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Is memory encrypted?

Posted by: admin November 30, 2017 Leave a comment

Questions:

I want to store some data in a variable (and I know variables are stored in memory). Does that data in memory get encrypted? Also, is it possible for software to be able to read the variable names stored in memory and be able to actually extract the data from it?

Answers:

Memory is not encrypted on any platform I know about. It would be of limited value anyway, because the processor must, in general, operate on plaintext data, so the data must be in plaintext on the machine somewhere.

Instead, modern operating systems (and most historical ones) use memory protection to allow only certain processes access to certain memory pages. Every memory page comes with read, write, and (sometimes) execute permissions. The operating system kernel is in charge of handling those permissions on context switch to grant or deny access to memory pages per-process as needed.

Saltzer and Schroeder’s 1975 paper The Protection of Information in Computer Systems describe a mechanism using segments, rather than pages, but the principle has remained unchanged for decades.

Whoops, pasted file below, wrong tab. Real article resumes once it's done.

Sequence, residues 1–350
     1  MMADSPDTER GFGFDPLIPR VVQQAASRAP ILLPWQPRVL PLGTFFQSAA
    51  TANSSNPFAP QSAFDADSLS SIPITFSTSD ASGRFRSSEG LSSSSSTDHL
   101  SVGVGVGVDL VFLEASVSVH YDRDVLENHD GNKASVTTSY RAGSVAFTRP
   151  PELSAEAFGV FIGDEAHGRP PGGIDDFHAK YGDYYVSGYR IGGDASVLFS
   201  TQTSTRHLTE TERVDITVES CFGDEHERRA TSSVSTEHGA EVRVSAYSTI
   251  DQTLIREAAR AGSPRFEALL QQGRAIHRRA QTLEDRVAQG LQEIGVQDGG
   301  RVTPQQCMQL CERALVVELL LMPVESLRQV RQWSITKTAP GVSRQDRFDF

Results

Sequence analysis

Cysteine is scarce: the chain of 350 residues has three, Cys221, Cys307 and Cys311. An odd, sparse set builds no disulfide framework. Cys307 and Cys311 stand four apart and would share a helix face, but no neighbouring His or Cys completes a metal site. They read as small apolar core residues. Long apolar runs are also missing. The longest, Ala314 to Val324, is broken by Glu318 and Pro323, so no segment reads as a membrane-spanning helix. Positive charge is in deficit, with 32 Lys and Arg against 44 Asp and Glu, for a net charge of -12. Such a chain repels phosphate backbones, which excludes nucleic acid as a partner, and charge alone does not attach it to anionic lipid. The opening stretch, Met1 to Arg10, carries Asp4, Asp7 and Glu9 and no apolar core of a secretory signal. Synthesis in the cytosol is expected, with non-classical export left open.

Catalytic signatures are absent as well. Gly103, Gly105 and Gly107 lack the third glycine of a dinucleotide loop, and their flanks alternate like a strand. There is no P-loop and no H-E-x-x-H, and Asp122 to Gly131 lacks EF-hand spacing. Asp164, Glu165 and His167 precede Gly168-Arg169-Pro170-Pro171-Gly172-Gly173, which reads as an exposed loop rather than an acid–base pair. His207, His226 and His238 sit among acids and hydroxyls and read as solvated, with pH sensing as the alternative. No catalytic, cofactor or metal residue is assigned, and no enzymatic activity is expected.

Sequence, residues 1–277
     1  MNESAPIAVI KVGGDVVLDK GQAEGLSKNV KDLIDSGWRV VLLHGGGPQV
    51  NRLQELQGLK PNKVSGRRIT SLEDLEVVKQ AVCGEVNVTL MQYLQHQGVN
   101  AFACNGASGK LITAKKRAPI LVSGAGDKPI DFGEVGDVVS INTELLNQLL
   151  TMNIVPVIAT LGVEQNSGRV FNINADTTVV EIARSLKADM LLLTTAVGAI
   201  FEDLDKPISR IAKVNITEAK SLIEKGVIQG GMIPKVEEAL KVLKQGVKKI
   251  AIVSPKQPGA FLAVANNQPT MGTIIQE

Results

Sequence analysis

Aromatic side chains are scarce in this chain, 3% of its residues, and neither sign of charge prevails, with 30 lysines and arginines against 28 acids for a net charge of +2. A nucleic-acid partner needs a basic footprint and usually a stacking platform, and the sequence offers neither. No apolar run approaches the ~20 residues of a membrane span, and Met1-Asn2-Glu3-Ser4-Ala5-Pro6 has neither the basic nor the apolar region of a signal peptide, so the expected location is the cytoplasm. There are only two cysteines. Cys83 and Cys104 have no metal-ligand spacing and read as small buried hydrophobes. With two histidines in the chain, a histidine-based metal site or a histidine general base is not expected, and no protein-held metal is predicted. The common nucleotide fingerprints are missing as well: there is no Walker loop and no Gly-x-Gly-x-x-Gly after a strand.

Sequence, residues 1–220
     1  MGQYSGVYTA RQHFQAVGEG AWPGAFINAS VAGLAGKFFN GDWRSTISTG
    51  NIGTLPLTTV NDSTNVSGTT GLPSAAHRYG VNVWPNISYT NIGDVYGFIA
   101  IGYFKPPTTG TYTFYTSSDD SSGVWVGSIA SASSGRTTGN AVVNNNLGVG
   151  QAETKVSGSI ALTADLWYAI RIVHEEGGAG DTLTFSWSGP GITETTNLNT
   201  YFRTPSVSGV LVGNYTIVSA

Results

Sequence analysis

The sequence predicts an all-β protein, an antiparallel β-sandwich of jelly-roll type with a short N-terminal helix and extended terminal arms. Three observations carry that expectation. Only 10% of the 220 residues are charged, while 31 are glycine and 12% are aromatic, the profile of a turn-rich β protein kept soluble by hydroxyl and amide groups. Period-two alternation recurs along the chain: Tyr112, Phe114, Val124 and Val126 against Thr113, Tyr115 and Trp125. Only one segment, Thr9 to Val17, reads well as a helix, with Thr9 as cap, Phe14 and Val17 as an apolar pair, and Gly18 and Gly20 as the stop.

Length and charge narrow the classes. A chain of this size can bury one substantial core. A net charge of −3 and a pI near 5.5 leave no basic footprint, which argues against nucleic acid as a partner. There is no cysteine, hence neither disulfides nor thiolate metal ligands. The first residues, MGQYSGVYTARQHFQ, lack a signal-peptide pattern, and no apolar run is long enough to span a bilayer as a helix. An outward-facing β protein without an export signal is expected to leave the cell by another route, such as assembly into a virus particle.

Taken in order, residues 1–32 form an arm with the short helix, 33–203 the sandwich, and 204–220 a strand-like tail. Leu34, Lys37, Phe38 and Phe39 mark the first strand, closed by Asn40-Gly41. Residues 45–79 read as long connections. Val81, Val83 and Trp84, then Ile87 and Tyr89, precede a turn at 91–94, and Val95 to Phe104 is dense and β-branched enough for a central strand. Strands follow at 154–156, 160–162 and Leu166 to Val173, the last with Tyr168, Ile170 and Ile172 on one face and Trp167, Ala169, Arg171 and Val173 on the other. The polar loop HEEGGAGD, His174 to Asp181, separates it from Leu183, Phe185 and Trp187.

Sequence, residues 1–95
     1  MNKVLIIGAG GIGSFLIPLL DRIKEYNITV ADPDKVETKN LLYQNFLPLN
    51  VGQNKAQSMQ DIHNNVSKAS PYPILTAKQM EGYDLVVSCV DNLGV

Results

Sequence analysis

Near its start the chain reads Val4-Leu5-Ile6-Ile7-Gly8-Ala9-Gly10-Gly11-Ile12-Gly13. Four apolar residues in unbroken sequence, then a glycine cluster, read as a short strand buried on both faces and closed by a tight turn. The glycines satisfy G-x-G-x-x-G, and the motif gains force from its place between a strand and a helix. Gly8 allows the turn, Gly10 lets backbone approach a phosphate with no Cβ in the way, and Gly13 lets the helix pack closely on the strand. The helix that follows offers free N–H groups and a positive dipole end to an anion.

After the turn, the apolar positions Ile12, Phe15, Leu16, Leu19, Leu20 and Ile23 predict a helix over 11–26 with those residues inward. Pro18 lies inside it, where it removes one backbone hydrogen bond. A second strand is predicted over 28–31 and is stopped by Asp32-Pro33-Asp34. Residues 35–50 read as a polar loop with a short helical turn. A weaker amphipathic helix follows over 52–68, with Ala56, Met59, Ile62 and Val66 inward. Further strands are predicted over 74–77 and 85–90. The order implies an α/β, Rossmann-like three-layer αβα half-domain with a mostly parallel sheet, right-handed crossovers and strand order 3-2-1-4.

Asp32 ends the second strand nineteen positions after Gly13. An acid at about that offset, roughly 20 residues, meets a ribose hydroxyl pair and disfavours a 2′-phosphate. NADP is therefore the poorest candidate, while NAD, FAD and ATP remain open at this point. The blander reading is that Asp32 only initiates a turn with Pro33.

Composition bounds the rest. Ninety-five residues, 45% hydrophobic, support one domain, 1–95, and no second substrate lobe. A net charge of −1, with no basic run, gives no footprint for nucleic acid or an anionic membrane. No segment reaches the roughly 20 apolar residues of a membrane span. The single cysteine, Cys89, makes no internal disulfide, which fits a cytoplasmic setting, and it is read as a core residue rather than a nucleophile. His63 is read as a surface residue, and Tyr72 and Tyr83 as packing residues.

Typically, any process-owned memory page is readable by a process with high-enough privilege; the OS kernel certainly can modify any page of memory, and it can choose to delegate that privilege to user processes too. The ptrace(2) system call on Linux provides a debugger-backdoor that can be used to implement read-only memory inspection systems such as strace(1) or ltrace(1) or gdb(1), or memory-modification systems such as gdb(1) and ptrace-based sandbox environments.

Or, a core file can be dumped, under certain situations (see core(5) and setrlimit(2) manpages), containing the contents of the process’s memory. This is one reason why it is important to clear memory of important data before release.

I was part of a team that worked on encrypting pointers (non-PTO link) in running programs. The overhead was amazing, and the number of corner cases was even more astonishing. Using these techniques for common programs is probably not practical, though I could imagine a restricted environment where encrypted memory or control structures is a feasible approach. (Though probably other techniques would be more appropriate.)

Questions:
Answers:

Okay, so I want to store some data in
a variable (which, I know, variables
are stored in memory) – does that data
in memory get encrypted?

NO

Also, is it possible for software to
be able to read the variable names
stored in memory and be able to
actually extract the data from it?

Names or values?

For values:

You mean a different program, not yours, to access it and read it? Yes, it’s possible, depending on OS it may be tricky or trickier, but doable.

For names:
Depends on how you build your software – if you leave debug info in it – it’s very easy to do that.

Questions:
Answers:

No. Memory is not typically not encrypted.